Twelve year old Ryan Billings has been diagnosed with an acute fear of the dark. He spends each night lying awake in torment, waiting and watching as the evil in the darkness grows stronger, feeding off his fear. His older brother Dale, suspects that there is nothing wrong with Ryan and that this is just a ploy for more attention. Regardless, he promises to watch over his little brother as their parents head off to a party for the night. Outside a storm rages and when the power goes out, darkness envelops the house. Ryan knows that tonight the evil has finally come to claim him. Dale desperately tries everything to try and calm him down, until the horrors in the dark make him realize Ryan had good reason to be so afraid!
“Fear of the Dark“, it’s a horror film with some decent acting, FX, and all around sort of “message base”. At one point I “wanted” to compare it to a scary “Goonies” style movie, but that wouldn’t be quite correct. The film is a step above most of the independents that came out that year (2003) and has some early great acting talents attached to it. I was impressed at the time and had even placed this as one of my “ones you’ve never seen” list favorites.
I decided to re-watch the film for the review, which now makes this film up to about 6 viewing cycles for me. I think its biggest issue really was the marketing and the cover art which always screamed “low budget” from the point of view of a “Blockbuster renter”. I’m sure you all will agree (with the DVD cover art I posted). I’m not even sure why I took a chance on it at the time, but like many of these, occasionally you find a gem (which I did).
Starting out, we got some pretty professional “spectre” effects hitting the walls which is always a good sign. We got a few of “those” Freddy-Kruger-pushing-against-the-wallpaper effects that also suggest your in competent hands. The story plays out like you would imagine a “Tales from the Darkside” episode to root itself into the old “afraid of the dark” concept. Primarily things “within the dark” tall tales that young boys seem to conjure up in their heads.
This movie takes “that” metaphor and makes it a reality for the 2 brothers “Dale and Ryan Billings. Ryan (Jesse James) is the youngest of the 2 who suffers from night terrors and having to sleep with the lights on (at all times). Dale (Kevin Zegers0, is the teen adolescence older brother who of course thinks his brother Ryan is losing it (while tying to also impress a local school girl whom he is infatuated with).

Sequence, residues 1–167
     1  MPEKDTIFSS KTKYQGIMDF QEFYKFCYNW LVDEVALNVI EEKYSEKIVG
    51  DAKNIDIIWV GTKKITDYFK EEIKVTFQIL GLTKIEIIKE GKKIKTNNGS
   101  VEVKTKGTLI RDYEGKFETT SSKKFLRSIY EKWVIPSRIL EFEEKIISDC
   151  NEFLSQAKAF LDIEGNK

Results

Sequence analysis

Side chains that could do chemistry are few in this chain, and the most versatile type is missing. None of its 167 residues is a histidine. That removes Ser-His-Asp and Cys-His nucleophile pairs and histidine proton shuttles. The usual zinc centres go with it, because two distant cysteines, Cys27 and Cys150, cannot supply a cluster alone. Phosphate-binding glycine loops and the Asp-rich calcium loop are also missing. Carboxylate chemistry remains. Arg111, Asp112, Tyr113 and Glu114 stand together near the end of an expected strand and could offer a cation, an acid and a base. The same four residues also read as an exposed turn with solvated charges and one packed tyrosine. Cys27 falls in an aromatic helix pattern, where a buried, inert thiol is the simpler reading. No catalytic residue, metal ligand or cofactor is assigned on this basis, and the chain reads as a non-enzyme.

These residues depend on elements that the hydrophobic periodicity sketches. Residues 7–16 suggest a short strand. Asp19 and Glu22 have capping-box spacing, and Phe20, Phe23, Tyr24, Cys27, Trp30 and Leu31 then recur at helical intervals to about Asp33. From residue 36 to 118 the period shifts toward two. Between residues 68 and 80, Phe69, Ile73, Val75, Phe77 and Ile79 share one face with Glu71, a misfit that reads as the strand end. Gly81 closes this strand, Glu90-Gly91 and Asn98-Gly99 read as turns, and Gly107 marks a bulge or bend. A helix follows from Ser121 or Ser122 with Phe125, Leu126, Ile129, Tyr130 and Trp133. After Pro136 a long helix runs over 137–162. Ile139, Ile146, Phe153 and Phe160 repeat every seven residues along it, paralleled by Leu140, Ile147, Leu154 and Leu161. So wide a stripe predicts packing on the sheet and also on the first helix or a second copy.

We got good old teen love going on (subtlety) and the subject at hand which is those “dark things” in the shadows. As a horror character the “dark things” are creepy enough to matter and still low budget enough to not break the bank. One resembles a trench coat cowboy with others being more like “night demons”.
The Billings parents decide to head out to a business function party leaving Dale to watch over Ryan while they are away. Dale’s mom, Sandra (Linda Purl) is a sculpture artist who creates strange looking (and a bit eerie) statues out of metal parts. The statues when left in the shadows of the evening tend to appear quite sinister. Once they head out, Ryan begins to go into panic mode as a freak storm starts to effect the house lights. As you can guess this factor is the brunt of the story which releases these dark things upon the 2 brothers over the course of the evening. Dale is later joined by his soon-to-be-love-interest, Heather Fontaine, (Rachel Skarsten) who heads over after work to help baby sit.
The specters tend to appear when the lights go out in strange places and absorb into a mist when the lights are back on. The director K.C. Bascombe has alot of fun with this factor as Ryan seems to be euqipped with emergency lighting gear and various light traps.
“Fear of the Dark” is a film that you can watch and have fun with still holding a bit of tension that works. “Tension” in fact is what keeps this film moving which might otherwise droll upon the monotony of ..”ya we get it, things come out when its dark” premise”.
Use of camera lens, Editing FX and the occasional CGI coolness also make it believable for viewers. It’s never gory, or murderous, just scary enough to be a cool teen scare kind of experience. I do recommend this film as a “one that got away” kind of movie. For the time of its original release, these FX were still considered pretty cutting edge.
You might even leave the film with the much repeated “There’s nothing there in the dark that’s not there in the light.”!!!!
Fear of the Dark (2003)